American Chemical Society event features talks, plaque rededication recognizing element discoveries
Two Berkeley Lab scientists participated in an Aug. 11 event at the Lawrence Hall of Science that honored the Lab’s contributions to the periodic table and celebrated the 150th anniversary of the periodic table of elements.
The event, organized by the American Chemical Society, featured the rededication of a plaque to commemorate the role of Berkeley Lab and its scientists in the discovery of elements heavier than uranium.
The event also included a presentation by David Seaborg, an evolutionary biologist and environmental advocate, that highlighted the contributions of his father, Berkeley Lab nuclear chemist and Nobel Laureate Glenn T. Seaborg, to these element discoveries.
Duplicate plaques will be placed at Berkeley Lab and at the Lawrence Hall of Science. (View the plaque text here.)
Berkeley Lab scientists played a role in the discovery of 16 elements, including elements 93 (neptunium) through 106 (seaborgium), and in the reorganization of the periodic table that was created 150 years ago by Russian chemist Dmitri Mendeleev.
“Berkeley Lab researchers’ production and discovery of new elements and isotopes has opened up new fields in medical imaging and treatments, and enabled a richer understanding of the fundamental properties of atomic nuclei,” Berkeley Lab Director Michael Witherell said in a statement.
“We are honored to be recognized for our pioneering efforts in expanding the periodic table of elements and expanding our knowledge of these exotic elements. Our ongoing studies of these elements are still yielding new information and inspiring ideas for practical applications,” he added.
Frances Hellman (left), a senior faculty scientist in Berkeley Lab’s Materials Sciences Division and dean of the Division of Mathematical and Physical Sciences at UC Berkeley who was one of the first speakers during the event, said the periodic table provides a vital framework for understanding materials.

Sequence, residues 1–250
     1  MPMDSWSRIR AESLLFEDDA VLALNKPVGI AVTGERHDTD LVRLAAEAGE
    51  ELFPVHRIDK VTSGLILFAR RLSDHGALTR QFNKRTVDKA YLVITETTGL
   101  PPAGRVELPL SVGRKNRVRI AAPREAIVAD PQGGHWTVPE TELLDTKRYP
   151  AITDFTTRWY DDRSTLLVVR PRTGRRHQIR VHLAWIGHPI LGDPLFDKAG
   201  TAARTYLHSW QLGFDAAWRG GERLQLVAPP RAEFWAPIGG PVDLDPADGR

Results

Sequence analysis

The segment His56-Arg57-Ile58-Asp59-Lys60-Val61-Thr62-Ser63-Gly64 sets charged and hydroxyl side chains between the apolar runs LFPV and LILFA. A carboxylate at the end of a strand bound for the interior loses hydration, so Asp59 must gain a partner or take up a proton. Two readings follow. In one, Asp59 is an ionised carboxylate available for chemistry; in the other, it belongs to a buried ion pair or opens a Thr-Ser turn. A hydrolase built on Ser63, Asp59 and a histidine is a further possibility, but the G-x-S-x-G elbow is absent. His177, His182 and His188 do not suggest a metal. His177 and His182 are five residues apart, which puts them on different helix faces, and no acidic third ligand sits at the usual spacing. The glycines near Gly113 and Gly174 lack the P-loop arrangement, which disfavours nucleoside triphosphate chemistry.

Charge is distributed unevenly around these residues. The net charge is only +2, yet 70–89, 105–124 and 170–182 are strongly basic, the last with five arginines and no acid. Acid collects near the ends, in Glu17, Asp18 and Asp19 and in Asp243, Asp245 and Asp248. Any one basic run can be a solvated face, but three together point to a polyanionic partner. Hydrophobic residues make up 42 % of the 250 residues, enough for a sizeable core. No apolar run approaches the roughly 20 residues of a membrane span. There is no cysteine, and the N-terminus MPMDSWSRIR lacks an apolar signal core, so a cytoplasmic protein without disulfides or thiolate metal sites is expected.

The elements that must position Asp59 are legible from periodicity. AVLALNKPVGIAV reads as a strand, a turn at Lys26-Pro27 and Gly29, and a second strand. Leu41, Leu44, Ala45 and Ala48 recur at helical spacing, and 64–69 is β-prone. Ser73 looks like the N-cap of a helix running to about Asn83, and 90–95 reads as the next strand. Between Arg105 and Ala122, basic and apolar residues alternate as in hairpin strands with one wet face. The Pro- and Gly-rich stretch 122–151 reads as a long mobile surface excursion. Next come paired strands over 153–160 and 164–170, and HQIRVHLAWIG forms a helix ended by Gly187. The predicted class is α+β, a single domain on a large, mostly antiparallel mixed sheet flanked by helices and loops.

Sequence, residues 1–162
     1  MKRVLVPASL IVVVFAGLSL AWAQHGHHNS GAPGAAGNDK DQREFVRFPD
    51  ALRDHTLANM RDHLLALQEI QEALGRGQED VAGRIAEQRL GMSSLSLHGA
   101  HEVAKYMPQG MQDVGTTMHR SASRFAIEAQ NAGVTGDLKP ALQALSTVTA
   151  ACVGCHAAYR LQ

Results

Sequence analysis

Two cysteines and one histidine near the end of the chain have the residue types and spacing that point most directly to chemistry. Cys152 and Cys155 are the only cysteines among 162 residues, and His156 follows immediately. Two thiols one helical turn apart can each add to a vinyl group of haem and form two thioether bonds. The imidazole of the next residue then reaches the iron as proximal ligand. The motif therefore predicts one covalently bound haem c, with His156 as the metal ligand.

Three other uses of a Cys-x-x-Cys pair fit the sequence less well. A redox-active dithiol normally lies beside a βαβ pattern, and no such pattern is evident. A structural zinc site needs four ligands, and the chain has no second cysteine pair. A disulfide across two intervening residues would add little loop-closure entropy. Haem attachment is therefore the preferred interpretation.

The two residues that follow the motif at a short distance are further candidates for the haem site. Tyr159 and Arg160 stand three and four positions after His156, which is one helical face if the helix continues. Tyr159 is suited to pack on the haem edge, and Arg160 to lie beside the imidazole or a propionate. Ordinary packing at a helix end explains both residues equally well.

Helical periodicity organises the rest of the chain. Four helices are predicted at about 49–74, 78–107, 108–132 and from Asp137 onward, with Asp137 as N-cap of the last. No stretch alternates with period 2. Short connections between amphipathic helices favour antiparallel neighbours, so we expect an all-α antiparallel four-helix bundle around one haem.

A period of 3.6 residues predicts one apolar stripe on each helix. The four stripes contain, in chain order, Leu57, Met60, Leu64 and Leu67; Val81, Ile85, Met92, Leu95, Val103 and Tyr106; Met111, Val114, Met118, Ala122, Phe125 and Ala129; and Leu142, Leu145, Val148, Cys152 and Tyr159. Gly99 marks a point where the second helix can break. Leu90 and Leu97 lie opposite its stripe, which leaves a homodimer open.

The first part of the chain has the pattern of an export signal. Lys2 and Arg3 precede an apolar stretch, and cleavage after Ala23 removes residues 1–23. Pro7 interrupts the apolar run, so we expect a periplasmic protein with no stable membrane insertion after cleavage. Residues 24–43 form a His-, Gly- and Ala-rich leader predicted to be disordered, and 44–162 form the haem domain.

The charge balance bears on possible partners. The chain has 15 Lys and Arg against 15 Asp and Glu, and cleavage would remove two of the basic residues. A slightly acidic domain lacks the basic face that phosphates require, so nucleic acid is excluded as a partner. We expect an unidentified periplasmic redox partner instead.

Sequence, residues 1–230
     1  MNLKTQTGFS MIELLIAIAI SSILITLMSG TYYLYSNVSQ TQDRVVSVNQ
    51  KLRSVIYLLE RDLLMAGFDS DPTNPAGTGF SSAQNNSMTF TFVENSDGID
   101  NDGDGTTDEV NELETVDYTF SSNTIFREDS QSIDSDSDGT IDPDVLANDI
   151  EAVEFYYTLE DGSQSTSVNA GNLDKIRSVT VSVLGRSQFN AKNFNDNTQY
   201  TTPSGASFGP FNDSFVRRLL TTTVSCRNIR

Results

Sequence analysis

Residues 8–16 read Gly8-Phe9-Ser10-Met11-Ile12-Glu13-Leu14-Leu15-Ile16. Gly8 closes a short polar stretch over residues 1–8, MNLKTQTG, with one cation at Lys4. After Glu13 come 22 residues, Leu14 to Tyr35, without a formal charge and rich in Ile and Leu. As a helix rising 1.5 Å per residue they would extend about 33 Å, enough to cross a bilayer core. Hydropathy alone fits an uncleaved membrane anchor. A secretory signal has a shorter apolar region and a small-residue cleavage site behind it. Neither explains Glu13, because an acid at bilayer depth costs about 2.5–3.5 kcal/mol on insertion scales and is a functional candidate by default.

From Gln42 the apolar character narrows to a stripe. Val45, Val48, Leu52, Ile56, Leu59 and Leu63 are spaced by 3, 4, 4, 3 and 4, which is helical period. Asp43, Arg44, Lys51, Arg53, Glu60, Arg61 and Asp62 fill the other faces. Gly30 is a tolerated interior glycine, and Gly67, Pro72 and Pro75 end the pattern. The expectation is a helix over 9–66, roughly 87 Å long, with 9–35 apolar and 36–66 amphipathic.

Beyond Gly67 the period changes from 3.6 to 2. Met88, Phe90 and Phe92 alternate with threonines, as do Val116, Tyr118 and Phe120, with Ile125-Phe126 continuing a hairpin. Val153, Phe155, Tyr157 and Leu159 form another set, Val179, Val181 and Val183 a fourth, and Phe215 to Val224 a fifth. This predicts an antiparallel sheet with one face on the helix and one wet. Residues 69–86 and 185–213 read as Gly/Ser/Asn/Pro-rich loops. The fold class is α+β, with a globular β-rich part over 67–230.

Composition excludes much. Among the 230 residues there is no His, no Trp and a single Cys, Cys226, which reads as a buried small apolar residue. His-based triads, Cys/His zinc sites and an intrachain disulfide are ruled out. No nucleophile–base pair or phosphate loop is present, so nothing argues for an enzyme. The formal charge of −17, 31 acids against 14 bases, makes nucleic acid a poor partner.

If the periodic table did not exist, she said, “How I would look at all the minerals around me and do anything with that information is just astonishing. I don’t even know how I would start.”
The contributions of UC Berkeley and Berkeley Lab to element discoveries and R&D has “been a remarkable evolution,” she added. “UC Berkeley and (Berkeley Lab) are very, very proud partners in all of that. It was a tribute to that partnership that we are here today, and the discovery of those elements … was a tribute to the partnership between physics and chemistry.”
Korey Carter (right), a postdoctoral researcher in the BioActinide Chemistry Group at Berkeley Lab’s Glenn T. Seaborg Center who also spoke during the event, shared the latest research by his group in finding ways to quickly cleanse highly radioactive elements from the body, and in finding new medical treatments that rely on targeted radiation supplied by specialized forms of heavy elements.
“The way this works is to … attach an antibody (to the isotope), which can find the tumor cell. And you use the radiation that’s intrinsic for the (isotope) to more selectively kill cancer cells or potentially even antibiotic-resistant bacteria,” Carter said.
While there is still a lot of chemistry in development to support this kind of treatment, dubbed alpha-particle therapy, he added, “The reason we spend a lot of time on this is because we know it works.”
David Seaborg reflected on his father’s sudden spark of interest in science in high school that led him to a successful career in chemistry that included participation in 10 element discoveries, a Nobel Prize, and the realization of a once-disputed theory on how to order newly discovered elements in the periodic table.
“His mother wanted him to be a bookkeeper – she thought that’s the best he could do,” Seaborg said. But in high school in Watts, California, a chemistry teacher “preached chemistry – he didn’t just teach it. He told amazing stories.”
He added, “It’s a great story of how teachers can affect the lives of people, because that’s what got my Dad interested in chemistry.”
Glenn Seaborg’s successful reorganization of the periodic table, David said, was his father’s proudest achievement, “more so than the discovery of plutonium.” Another notable achievement was his father’s discovery of an isotope of iodine, called iodine-131, that ultimately was key in saving the life of Glenn Seaborg’s mother, who suffered from thyroid problems.
David Seaborg also shared a decisive moment in his father’s career – when he chose to remain in Berkeley over an offer at UCLA. “To him it was just magic, all the great scientists (in Berkeley),” Seaborg said.